AballavaBurgh-by-Sands

Map showing location of fort at Burgh By Sands
Map showing location of fort at Burgh By Sands
Courtesy of Sara, Burgh by Sands

This fort is first mentioned in 1539 and measures 500 feet north to south x 400 feet east to west. There is little to be seen here as is the case for most forts west of Banna. A fortified church stands in the middle of the fort and is built entirely from Roman stone suggesting a lot of the foundations may have been robbed away. The fort name of Aballava means ‘Apple Orchard’ and the fort itself is now buried beneath the village of Burgh.

Some inscriptions found do offer a little information on the garrisons here: 2nd century was the ‘ala I Tungrorum’, a mixed cavalry regiment of the First Cohort of Nerva’s own Germans some 1,000 strong came later.

In the 3rd century a military cohort and a ‘cuneus’ of Frisians is attested and the last recorded troops were a ‘numerous’ of Aurelian Moors. The Notitia Dignitatum lists the latter as the sole garrison based here.

Evidence exists of an earlier timber fort nearby and this could be dated to Trajanic or early Hadrianic periods. There is the possibility that this fort was associated to the Stanegate and was found from the air. It also lies over an earlier watchtower. The Vallum, through excavation, may, as at Carrawburgh, run under the stone fort.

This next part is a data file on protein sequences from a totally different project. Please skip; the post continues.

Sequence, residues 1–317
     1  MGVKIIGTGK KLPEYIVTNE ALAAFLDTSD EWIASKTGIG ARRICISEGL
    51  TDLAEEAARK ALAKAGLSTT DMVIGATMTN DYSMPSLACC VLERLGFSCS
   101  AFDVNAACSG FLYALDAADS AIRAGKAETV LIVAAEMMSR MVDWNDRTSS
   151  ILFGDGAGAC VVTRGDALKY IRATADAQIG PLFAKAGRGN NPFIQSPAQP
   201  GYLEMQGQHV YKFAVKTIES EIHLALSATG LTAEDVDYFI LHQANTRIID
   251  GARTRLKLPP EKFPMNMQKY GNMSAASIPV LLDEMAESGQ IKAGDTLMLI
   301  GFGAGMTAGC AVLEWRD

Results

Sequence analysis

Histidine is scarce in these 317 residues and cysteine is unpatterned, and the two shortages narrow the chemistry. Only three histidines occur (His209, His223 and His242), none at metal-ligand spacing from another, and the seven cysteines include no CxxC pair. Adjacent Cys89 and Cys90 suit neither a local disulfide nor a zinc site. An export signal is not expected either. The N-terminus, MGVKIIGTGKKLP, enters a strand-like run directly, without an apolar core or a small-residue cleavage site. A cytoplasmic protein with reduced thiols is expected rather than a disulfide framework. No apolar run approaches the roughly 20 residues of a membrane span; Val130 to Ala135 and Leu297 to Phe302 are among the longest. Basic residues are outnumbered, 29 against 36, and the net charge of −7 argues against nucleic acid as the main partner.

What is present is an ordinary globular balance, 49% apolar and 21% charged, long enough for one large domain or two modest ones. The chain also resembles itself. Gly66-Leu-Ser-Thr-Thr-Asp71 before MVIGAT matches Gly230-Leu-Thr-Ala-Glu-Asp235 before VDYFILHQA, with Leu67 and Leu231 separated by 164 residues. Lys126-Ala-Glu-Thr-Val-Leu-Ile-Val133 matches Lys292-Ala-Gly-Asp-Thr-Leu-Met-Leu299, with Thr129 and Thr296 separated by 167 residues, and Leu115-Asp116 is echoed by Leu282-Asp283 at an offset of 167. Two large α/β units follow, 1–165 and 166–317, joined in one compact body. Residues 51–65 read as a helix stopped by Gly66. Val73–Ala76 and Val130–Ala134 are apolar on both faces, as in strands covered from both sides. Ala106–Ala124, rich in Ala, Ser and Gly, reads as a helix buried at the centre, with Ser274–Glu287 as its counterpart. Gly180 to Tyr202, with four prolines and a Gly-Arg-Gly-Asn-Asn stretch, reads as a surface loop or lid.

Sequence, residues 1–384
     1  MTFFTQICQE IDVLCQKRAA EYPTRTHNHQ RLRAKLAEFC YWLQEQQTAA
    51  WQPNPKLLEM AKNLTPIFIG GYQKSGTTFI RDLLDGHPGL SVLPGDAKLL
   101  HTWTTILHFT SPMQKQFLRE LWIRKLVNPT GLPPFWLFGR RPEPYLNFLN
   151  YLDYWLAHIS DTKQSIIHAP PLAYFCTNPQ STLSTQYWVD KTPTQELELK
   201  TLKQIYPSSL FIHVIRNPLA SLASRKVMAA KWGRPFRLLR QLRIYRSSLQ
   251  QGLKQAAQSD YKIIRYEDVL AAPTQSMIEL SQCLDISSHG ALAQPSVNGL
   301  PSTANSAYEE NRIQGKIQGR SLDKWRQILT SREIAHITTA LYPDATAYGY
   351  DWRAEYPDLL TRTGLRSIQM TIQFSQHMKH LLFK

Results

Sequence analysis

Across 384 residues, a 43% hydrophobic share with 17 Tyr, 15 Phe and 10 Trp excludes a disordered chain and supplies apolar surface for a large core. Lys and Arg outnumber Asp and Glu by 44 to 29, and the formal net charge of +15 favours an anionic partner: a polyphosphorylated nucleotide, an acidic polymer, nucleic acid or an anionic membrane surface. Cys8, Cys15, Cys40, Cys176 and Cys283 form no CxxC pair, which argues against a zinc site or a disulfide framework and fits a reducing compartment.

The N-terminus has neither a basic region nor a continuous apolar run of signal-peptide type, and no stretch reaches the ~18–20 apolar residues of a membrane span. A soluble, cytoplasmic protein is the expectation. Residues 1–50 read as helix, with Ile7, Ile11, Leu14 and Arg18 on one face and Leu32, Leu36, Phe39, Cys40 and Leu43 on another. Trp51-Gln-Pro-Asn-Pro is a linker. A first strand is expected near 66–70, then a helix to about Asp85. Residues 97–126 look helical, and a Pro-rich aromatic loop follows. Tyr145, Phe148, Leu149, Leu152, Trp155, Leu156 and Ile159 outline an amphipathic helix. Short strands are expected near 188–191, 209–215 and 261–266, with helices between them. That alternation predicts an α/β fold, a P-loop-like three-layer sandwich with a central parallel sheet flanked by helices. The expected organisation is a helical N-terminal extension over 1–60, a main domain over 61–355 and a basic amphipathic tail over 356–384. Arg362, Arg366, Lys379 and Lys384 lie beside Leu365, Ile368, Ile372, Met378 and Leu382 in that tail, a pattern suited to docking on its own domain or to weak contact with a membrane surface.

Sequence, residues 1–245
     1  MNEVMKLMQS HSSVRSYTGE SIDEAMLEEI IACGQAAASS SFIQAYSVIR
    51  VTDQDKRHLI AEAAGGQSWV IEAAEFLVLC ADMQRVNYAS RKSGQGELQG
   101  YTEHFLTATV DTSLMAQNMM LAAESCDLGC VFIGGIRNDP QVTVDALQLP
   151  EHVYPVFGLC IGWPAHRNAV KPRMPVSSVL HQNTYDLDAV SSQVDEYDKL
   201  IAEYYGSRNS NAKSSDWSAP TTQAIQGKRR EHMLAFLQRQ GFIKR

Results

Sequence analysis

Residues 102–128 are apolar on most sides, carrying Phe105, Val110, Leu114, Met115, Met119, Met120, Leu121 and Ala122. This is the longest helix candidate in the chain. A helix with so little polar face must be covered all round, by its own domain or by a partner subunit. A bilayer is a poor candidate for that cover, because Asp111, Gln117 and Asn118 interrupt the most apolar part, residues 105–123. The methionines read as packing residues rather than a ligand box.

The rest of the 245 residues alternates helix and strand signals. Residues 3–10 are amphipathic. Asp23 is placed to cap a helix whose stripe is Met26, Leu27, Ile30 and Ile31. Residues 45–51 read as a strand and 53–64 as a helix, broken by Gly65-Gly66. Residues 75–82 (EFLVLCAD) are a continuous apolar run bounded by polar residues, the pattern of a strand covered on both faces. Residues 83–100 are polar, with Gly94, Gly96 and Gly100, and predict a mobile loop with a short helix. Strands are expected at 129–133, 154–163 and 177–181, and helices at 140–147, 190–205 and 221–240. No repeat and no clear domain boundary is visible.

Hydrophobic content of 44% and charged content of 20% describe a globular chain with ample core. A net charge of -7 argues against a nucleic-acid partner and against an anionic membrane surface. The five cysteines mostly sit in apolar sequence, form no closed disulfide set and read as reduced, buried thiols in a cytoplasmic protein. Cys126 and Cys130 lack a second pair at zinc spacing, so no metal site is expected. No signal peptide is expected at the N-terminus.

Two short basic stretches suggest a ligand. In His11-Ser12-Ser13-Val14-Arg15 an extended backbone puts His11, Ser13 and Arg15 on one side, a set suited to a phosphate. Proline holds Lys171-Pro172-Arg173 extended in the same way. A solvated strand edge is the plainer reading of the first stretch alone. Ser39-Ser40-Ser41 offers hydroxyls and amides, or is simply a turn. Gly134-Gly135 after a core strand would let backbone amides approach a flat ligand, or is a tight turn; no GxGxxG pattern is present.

The X on the map shows the position of the house whose owner gave me the opportunity to look into her cellar in order to identify any Roman stonework. Unfortunately the cellar of the house is just outside the fort grounds but the back garden lies over the north west gate entrance so no stone was identified. I was allowed to photograph the garden and that picture is shown here and may be of use in the future to historical experts, who knows.

Garden showing location of north west gate of fort at Burgh By Sands
Garden showing location
of north west gate

The copies of surveys and maps the owner gave me have proved invaluable and I will carry out further research on these. If any information is forthcoming I will post it on this page.

Garrisons known at on StreetMap Streetmap Logo link to OS map

EraGarrison
Hadriancohors quingenaria equitata / milliaria peditata ?
Marcus_Aureliusno evidence
3rd_Centurycohors I Nervana Germanorum milliaria equitata ?, numerus Maurorum Aurelianorum (253 - 8), † cuneus Frisionum Aballavensium (241) ?
Notitia_Dignitatumnumerus Maurorum Aurelianorum †
1st_NoteThe numerus was under the charge of a tribune of a cohort in 253 - 8 and cohors I Nervana would fit best at this time.
2nd_NoteAlthough the references to the cuneus come from Papcastle (RIB 882 - 3) the inscriptions seem to refer to a transfer of someone to the unit called cuneus Frisionum Aballavensium (the cavalry unit of Frisiones of Burgh) from an unnamed unit, presumably from the one in garrison at Papcastle to the unit at Burgh.
3rd_NoteIt seems difficult and unnecessary to assume that the cuneus had been moved to Papcastle and it is a well-attested Roman practice to set up inscriptions recording promotion on transfer at the post one is leaving. A cohors milliaria peditata is unlikely under Hadrian, as there are only two attested in the province and there was presumably at the time one at Housesteads and one at Bridoswald.